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4 May 2011

Wednesday 4th May 2011; Mortar Analysis

Week 4 of 12

Module 3: Material Characteristics and as a Building Material

The topic of discussion today with David Odgers was 'Mortar Analysis'. I have been looking forward to today's topic as it is my day-to-day work at the Scottish Lime Centre Trust (SLCT) and I have been interested to know how the basic and more complicated techniques vary internationally. In fact, from what I have seen today there is not a great variation in analysis techniques and everything we were shown are things that we do at SLCT. The most important message that David put across today was the importance in how the results are interpreted, which a message that we always try to reinforce to our clients at SLCT; mortar analysis is just one stage in the interpretation and writing of specifications for new work. We would always prefer to carry out the site visit, mortar analysis and write the specifications for new work ourselves in one package. Unfortunately this is not always financially possible for our clients which is why we carry out stand-alone analysis services as well, but it relies on each client carrying out the other important parts of the work and having a good knowledge of the materials.

David made the point that it is always best to take mortar samples from the least accessible areas on a building/structure. This is because they're the least likely to have been repaired/replaced (due to accessibility) and are more likely to reflect the original materials. Of course, these are also the least easy to access so unless there is a scaffold it is often necessary to make do with a sample from a more easily accessed area- this needs to be taken into account when carrying out any work associated with the samples. We were shown 6 images of mortars used on York Minster, UK and all were visibly different, which was a good demonstration that you need to know what is being analysed and whether it is representative. At SLCT we always make the proviso with all of our mortar analyses that the analysis is based on the single sample and does not tell you how the mortar varies across a building, hence the need for methodical and documented sampling in the first instance. When we make the site visit we will always aim to locate a representative sample or samples.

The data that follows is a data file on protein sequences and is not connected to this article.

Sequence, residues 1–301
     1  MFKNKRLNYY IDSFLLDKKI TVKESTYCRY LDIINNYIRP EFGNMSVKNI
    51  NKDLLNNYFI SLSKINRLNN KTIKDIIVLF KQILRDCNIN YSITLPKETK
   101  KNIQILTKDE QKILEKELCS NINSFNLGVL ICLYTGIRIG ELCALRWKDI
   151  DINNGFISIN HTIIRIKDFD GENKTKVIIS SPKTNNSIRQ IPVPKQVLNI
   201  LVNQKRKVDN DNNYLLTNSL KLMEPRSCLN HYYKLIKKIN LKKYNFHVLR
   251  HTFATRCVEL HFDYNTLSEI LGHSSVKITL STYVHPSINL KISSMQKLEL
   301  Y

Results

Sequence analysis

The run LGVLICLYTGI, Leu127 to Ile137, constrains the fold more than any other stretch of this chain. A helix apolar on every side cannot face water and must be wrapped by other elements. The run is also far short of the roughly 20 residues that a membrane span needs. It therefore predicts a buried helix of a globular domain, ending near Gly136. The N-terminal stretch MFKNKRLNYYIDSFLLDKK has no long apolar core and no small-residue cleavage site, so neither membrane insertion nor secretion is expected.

David gave us a reference for a book which has many good illustrations of materials to aid basic analysis work; Jeremy Ingham 'Geomaterials Under the Microscope'.

We followed the lecture with a lab session carrying out basic acid dissolution analyses on mortar samples that we have brought from our home countries. We will continue the analyses and interpretations tomorrow.

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